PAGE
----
Fishermen and fishery conservationists are concerned about low Mekong River water levels which have prevented the annual reversal of the Tonle Sap River’s water flow, an important event which eventually fills the Tone Sap Lake with water and fish.
Some parts of the lake are drier than they’ve ever been during the rainy season.
Chak Choeun, a fisherman in Stoung district’s Peam Bang commune in Kampong Thom province, has been fishing in the area for years. But now, he is facing a severe lack of fish.
In the past, he used to catch around 6kg of fish per day and sold them for about $7. Now he catches only one or 2kg.
“This year, it is dried up. I cannot catch anything. There was water here last year, but there is nothing now. Some fishermen have left to work in construction and some have gone searching for fish deeper in Tonle Sap Lake.
“We still can catch a little fish and sell it for up to 10,000 riel [$2.50]. It is not enough even to buy rice,” he said.
He said Peam Bang commune used to be filled with fish, and people from Stoung district would often travel to fish there. Although the area is now dry, there are still people along the dock, waiting for their fortunes to change. He said they may disappear soon due to the dry spell.
“Some people left to work in garment factories or construction in Phnom Penh. No one will force us to leave Tonle Sap Lake. We will leave by ourselves if the situation remains like this,” Choeun said.
Fisheries Action Coalition Team (Fact) executive director Om Savath told The Post on Wednesday that fish products can’t be evaluated yet as high-volume fishing is currently banned for the breeding season.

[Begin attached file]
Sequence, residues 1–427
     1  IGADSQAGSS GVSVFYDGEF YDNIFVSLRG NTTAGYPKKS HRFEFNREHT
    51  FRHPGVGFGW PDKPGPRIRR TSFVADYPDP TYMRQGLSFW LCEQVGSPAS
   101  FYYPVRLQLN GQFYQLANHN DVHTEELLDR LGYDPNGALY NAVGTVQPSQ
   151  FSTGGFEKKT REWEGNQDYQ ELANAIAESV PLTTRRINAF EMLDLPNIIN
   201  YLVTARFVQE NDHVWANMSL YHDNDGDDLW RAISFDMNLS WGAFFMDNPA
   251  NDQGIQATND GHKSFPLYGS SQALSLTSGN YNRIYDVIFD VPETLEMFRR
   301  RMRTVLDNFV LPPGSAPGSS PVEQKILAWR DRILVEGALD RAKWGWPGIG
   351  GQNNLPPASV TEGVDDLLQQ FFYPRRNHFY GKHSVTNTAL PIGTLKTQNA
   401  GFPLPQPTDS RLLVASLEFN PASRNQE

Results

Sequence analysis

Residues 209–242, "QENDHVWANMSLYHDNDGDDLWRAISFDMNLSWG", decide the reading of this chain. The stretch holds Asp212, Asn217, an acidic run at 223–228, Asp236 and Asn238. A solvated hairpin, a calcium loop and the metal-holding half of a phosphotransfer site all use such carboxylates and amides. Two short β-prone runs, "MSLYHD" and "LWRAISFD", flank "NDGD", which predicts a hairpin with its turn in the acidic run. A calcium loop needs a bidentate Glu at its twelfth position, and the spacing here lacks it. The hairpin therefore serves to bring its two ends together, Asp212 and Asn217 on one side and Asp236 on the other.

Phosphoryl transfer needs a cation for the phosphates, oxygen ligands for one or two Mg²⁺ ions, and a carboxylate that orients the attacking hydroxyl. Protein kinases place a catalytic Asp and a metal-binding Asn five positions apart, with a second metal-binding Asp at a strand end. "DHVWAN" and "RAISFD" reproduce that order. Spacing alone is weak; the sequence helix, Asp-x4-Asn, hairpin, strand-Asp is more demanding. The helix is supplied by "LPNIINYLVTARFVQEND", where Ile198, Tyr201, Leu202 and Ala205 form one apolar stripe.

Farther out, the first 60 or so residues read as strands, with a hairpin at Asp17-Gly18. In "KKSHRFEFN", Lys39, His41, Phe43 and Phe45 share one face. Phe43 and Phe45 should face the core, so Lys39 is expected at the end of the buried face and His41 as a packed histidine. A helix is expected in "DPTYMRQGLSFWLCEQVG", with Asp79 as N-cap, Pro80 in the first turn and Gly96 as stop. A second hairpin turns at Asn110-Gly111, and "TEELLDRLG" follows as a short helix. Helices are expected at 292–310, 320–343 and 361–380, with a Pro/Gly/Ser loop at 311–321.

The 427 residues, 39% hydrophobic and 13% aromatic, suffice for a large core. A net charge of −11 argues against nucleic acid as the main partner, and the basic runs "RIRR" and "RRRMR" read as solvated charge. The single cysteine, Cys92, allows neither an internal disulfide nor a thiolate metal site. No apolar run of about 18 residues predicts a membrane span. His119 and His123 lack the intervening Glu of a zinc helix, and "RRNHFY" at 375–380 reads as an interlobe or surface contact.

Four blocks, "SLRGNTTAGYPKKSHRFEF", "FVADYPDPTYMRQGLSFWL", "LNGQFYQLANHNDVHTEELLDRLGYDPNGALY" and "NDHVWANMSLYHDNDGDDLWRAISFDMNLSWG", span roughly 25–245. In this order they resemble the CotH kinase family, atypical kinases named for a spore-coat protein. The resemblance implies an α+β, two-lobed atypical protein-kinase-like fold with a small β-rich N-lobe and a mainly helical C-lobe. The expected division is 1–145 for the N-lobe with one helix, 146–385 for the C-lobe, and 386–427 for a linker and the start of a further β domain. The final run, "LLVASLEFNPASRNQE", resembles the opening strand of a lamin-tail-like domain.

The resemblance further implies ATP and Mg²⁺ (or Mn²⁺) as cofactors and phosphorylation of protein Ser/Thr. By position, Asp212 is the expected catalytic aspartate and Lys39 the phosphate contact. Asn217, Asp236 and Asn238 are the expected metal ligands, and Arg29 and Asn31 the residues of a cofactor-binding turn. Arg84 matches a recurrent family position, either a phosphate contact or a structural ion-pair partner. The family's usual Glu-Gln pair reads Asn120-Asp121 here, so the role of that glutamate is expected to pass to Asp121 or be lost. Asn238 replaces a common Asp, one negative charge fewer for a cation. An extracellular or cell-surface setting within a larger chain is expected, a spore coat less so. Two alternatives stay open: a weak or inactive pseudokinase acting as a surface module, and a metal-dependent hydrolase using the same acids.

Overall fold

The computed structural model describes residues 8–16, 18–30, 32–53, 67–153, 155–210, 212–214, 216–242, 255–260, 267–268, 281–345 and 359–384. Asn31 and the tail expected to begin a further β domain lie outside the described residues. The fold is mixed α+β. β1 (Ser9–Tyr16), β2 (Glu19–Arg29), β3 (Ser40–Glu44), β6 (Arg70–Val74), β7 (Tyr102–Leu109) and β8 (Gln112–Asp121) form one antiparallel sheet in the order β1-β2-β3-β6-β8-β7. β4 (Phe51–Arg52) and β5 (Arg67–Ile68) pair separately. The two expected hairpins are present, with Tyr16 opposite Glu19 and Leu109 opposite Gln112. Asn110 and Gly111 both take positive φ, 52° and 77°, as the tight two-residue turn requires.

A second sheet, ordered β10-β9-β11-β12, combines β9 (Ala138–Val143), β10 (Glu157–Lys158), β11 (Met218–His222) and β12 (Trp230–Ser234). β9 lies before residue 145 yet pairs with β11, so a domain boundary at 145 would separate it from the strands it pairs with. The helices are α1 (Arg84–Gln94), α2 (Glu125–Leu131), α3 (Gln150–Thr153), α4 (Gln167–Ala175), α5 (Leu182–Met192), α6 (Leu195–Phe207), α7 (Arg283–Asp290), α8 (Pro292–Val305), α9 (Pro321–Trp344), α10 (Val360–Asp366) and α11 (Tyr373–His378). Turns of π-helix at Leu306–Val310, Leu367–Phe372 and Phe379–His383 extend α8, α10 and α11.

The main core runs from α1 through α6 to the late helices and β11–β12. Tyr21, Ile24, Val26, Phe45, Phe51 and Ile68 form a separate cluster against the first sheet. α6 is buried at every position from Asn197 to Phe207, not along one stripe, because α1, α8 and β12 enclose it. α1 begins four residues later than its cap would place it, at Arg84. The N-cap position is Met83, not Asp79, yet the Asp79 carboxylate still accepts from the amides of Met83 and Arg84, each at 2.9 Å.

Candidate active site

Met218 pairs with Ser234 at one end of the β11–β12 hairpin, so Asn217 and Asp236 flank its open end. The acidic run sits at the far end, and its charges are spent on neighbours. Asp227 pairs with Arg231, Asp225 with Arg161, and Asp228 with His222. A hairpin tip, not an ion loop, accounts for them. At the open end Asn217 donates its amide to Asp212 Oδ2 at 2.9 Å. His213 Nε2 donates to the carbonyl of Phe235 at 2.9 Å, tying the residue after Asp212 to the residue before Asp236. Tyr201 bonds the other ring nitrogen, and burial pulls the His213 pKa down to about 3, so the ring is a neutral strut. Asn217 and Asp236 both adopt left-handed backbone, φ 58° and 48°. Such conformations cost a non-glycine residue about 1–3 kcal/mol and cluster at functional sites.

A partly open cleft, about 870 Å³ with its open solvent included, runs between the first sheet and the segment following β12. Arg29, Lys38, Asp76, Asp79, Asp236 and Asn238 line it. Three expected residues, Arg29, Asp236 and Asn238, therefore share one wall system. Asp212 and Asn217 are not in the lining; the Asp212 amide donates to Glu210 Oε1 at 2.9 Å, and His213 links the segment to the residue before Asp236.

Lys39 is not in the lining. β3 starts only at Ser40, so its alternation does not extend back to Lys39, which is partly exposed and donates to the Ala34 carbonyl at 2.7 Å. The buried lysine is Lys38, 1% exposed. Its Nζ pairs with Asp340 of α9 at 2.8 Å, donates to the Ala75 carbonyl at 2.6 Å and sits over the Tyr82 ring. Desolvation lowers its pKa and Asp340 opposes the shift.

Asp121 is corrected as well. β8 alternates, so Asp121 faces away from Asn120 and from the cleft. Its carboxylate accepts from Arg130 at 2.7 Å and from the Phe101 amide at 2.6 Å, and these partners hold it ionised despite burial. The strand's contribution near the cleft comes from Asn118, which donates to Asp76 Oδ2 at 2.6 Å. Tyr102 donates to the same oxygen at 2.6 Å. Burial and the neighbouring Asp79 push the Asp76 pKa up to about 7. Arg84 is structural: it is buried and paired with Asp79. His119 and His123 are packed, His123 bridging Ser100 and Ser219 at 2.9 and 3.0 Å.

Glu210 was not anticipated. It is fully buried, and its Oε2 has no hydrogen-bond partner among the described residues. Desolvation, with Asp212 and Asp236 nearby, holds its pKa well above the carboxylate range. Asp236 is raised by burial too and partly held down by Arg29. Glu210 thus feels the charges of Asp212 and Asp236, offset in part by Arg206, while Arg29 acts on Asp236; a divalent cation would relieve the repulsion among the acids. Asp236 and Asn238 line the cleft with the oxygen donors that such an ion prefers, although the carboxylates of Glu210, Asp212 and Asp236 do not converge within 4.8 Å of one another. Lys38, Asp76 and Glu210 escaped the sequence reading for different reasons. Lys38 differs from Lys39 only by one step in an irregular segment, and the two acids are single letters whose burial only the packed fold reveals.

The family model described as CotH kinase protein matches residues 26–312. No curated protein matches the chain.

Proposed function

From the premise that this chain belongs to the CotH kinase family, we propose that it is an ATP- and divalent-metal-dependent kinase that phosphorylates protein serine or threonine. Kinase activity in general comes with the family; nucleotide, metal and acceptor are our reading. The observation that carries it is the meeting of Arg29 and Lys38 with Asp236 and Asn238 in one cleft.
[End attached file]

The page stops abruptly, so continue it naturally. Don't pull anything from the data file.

“The water levels of the Mekong should be higher than they are now. Tonle Sap wetland areas should be filled with water, enabling fish to breed and move to the Mekong River,” he said.
Savath said this is the second consecutive year the water flow reversal of the Tonle Sap River has been late. When less water flows into Tonle Sap Lake, it increases poison levels and affects fish species.
He attributed the problem to the dams constructed along the Mekong and climate change.
“When there are many dams along the river, it reduces the water level in the lower parts [of the river] and makes the water flow slower,” he said.
Ministry of Water Resource and Meteorology spokesman Chan Yutha said on Wednesday that the indicator which signifies the reversal of the Tonle Sap River’s flow is when the water level of the Chaktomuk River reaches 7m, which usually occurs from June to October.
He said the lower water levels in the Mekong River this year were caused by last year’s El Nino effects and this year’s infrequent rainfall.
Yutha said typhoons play a role in the water levels as well, and their scarcity in Asia this year has contributed to prolonging the dry season. However, frequent rains are expected in mid-August.
Savath said many governments blame climate change for low water levels. But the hydro dams along the Mekong River cannot be ignored, he said.
“We accept that climate [change] is one of the factors. But if the dams had not been constructed along the Mekong River, the water flow should be naturally normal,” he said, adding that the low water levels would affect the government’s rice export plan and increase fishery crimes.